Thread: AGU2021 Session NS004: Geophysics in the Cryosphere

Started: 2021-07-14 19:38:01
Last activity: 2021-07-14 19:38:01
Topics: AGU Meetings
Stephanie James
2021-07-14 19:38:01
Dear colleagues,

We kindly invite you to contribute to the session “Delving into the Cryosphere: Innovations and Discoveries through Geophysical Observations” for the AGU Fall Meeting 2021 in New Orleans and online everywhere.

This session will showcase the latest geophysical advances and discoveries in studies of the frozen Earth (permafrost, glaciers, ice sheets, snow, etc.) and is co-organized between Cryosphere, Near-Surface Geophysics, and Seismology sections. We hope you will submit an abstract and share this announcement with interested colleagues. As a reminder, the deadline for all submissions is Wednesday, 4 August at 23:59 EDT/03:59 +1 GMT.

Abstract submission information:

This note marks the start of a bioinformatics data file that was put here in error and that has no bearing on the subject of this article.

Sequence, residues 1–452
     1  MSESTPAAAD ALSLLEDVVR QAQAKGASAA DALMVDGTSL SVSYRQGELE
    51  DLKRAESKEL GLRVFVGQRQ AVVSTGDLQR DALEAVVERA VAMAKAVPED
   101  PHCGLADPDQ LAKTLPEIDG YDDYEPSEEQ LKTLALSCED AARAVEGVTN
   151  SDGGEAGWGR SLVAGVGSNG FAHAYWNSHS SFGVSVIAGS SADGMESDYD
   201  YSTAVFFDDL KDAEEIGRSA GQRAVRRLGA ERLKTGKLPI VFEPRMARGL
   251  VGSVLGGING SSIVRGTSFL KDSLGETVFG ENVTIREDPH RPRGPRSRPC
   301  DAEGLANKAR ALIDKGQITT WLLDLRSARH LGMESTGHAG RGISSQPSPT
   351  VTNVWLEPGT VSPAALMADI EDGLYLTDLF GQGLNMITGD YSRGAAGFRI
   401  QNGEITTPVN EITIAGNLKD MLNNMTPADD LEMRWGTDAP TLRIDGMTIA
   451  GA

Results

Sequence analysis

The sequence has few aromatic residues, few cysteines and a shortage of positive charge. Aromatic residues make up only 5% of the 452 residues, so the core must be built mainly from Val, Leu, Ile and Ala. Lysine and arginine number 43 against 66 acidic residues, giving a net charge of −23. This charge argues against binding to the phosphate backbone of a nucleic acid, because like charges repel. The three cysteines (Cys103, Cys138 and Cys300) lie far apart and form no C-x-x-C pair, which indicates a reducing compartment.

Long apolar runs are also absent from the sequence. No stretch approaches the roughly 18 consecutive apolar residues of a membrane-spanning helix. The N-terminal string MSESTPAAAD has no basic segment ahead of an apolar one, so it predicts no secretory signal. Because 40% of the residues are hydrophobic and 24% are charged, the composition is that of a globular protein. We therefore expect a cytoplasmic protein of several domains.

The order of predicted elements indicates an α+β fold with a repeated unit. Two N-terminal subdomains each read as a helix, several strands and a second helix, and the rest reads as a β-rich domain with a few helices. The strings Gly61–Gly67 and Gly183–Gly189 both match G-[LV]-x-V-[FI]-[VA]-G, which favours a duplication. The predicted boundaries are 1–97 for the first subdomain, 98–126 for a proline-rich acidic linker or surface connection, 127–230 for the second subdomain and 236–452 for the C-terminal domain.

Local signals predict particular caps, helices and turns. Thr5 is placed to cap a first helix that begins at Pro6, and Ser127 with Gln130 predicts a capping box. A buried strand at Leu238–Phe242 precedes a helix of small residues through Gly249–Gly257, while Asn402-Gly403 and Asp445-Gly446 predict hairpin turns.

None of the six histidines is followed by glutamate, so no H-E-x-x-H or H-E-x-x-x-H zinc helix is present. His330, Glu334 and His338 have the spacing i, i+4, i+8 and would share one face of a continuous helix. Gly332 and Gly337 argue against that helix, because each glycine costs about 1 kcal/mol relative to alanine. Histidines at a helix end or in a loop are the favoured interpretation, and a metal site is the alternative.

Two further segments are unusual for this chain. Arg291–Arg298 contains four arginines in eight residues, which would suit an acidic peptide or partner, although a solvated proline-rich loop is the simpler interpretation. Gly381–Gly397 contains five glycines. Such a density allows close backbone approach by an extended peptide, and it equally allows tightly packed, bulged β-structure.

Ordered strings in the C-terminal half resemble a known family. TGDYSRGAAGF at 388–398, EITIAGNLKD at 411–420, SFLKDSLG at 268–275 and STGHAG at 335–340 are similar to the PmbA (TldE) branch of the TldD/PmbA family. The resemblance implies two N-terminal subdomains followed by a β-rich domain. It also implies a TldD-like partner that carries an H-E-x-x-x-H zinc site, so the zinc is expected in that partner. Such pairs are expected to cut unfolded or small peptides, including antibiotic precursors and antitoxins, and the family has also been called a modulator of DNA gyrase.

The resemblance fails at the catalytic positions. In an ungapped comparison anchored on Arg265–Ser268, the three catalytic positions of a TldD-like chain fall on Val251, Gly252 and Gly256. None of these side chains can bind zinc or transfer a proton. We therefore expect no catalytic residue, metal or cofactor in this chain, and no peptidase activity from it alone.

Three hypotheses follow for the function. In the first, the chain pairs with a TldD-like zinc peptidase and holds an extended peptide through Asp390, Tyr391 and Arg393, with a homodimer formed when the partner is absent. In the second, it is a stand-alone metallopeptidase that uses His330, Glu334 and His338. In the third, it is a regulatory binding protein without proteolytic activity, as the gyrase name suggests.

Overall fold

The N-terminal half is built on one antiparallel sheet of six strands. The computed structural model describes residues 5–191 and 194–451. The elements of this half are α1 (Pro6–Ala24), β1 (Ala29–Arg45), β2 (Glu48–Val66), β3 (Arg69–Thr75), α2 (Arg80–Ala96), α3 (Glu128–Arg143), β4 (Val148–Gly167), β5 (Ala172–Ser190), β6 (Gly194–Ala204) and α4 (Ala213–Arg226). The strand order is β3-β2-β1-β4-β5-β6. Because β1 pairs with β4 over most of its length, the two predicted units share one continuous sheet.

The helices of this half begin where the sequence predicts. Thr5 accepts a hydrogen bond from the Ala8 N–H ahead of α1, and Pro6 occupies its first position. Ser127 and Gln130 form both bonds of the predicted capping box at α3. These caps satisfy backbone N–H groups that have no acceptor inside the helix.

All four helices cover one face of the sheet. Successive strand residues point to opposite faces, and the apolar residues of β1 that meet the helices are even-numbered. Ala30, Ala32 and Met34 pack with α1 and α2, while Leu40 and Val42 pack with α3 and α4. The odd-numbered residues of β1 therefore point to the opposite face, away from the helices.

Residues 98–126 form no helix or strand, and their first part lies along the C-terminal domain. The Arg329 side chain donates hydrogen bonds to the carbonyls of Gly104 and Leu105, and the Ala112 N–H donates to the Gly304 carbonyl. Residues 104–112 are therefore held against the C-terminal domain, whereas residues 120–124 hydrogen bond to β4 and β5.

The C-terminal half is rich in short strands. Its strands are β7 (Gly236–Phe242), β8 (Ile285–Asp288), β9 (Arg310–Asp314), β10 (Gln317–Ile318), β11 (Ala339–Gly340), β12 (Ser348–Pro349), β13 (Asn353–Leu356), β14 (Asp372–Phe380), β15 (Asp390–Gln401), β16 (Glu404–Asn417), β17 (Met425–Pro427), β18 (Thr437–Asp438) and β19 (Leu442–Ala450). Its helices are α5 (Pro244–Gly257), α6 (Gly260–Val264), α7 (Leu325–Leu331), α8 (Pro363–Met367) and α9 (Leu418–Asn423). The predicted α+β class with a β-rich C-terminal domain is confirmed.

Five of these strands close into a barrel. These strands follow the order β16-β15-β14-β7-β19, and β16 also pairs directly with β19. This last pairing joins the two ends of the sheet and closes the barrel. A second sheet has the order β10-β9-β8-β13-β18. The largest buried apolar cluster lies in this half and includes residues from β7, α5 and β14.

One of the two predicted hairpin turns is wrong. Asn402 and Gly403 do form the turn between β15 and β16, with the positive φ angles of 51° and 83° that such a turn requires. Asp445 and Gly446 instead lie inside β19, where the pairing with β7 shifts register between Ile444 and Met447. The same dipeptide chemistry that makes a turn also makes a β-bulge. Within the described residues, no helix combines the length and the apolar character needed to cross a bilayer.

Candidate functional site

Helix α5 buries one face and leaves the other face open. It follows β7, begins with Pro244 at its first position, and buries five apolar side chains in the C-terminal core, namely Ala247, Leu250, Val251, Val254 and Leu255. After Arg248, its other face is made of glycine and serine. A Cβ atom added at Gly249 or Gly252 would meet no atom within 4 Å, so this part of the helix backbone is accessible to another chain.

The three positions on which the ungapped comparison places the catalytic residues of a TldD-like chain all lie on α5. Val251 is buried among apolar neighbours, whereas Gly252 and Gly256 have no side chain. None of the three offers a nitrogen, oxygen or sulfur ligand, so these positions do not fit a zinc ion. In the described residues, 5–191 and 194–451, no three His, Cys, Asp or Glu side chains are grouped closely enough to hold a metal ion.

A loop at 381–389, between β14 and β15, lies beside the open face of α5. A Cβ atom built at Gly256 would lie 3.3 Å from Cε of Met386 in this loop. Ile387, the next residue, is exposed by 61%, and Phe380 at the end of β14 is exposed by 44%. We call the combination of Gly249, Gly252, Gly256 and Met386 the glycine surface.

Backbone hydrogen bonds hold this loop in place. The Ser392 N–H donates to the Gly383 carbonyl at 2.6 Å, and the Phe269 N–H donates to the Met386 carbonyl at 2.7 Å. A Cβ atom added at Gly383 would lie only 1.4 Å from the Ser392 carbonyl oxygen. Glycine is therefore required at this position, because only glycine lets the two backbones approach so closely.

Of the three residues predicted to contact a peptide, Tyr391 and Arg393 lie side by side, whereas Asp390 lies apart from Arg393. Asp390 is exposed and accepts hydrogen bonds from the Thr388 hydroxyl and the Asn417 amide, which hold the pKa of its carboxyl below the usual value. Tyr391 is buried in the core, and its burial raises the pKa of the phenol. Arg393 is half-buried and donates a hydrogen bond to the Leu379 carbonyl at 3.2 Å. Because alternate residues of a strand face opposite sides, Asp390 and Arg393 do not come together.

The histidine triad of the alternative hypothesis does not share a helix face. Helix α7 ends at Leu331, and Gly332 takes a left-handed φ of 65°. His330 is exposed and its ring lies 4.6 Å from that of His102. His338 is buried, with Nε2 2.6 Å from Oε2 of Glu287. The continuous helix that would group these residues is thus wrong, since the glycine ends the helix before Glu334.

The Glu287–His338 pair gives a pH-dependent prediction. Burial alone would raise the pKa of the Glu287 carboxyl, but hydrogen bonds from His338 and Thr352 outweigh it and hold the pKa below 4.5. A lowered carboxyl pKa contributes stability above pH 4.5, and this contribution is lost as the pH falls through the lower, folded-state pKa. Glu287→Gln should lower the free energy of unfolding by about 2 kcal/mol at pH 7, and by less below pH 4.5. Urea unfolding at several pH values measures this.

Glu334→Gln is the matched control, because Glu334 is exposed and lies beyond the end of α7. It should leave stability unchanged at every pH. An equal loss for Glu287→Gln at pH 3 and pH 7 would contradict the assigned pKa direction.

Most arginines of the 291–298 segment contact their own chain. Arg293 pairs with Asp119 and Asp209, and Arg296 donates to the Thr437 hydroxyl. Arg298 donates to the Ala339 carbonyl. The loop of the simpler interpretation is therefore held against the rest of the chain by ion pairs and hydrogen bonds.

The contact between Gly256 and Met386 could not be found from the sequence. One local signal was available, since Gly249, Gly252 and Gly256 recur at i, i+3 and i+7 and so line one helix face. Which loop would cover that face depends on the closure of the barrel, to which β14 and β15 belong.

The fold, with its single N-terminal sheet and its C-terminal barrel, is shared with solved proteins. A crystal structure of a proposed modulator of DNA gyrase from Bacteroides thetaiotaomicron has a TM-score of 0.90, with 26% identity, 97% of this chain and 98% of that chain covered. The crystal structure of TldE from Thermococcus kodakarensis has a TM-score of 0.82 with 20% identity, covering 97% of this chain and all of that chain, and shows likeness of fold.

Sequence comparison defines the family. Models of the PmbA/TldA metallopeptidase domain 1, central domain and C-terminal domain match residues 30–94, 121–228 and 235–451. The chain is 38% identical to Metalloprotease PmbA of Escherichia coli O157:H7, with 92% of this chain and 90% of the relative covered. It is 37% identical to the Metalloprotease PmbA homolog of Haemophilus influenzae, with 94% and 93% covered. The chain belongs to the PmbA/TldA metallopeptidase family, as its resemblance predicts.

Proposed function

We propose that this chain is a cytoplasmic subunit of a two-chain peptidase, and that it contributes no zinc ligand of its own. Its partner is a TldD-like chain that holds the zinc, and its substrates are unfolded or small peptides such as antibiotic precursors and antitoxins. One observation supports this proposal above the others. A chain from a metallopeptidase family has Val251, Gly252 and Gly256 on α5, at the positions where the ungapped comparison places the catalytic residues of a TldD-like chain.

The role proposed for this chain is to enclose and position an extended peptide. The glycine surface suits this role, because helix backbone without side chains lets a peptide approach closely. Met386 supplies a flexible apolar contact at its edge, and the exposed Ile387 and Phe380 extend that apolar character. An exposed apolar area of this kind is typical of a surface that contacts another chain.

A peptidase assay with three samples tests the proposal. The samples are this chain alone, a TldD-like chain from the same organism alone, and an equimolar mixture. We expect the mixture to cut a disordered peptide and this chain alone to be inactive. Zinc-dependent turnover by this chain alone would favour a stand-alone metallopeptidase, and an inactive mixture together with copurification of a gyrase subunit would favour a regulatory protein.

Thank you,
Stephanie James [USGS]
Dan McGrath [Colorado State University]
Atsuhiro Muto [Temple University]
Andy Parsekian [University of Wyoming]

Session ID: 120486
Session Title: NS004. Delving into the Cryosphere: Innovations and Discoveries through Geophysical Observations
Session Description: The cryosphere presents some of the most challenging environments for scientific research and observation, particularly beneath the surface where critical information is often locked within or beneath inaccessible ice or frozen ground. Nevertheless, climate-driven changes in the structure and function of cryospheric regions have the potential to dramatically impact ecosystems, infrastructure, and communities around the world. Geophysical methods are uniquely capable of mapping, monitoring, and characterizing subsurface properties over a range of scales at high spatial and temporal resolution. In this session, we invite submissions describing innovations, discoveries, and opportunities provided by geophysical observations in the study of glaciers, ice sheets, sea ice, snow, permafrost, and seasonally frozen ground. We welcome contributions applying ground and airborne geophysical field studies and modeling to the characterization, and/or monitoring of cold-region environments and detection of targets within frozen subsurface materials. Studies exploring multidisciplinary approaches, new methodologies, and big-data and machine-learning techniques are encouraged.

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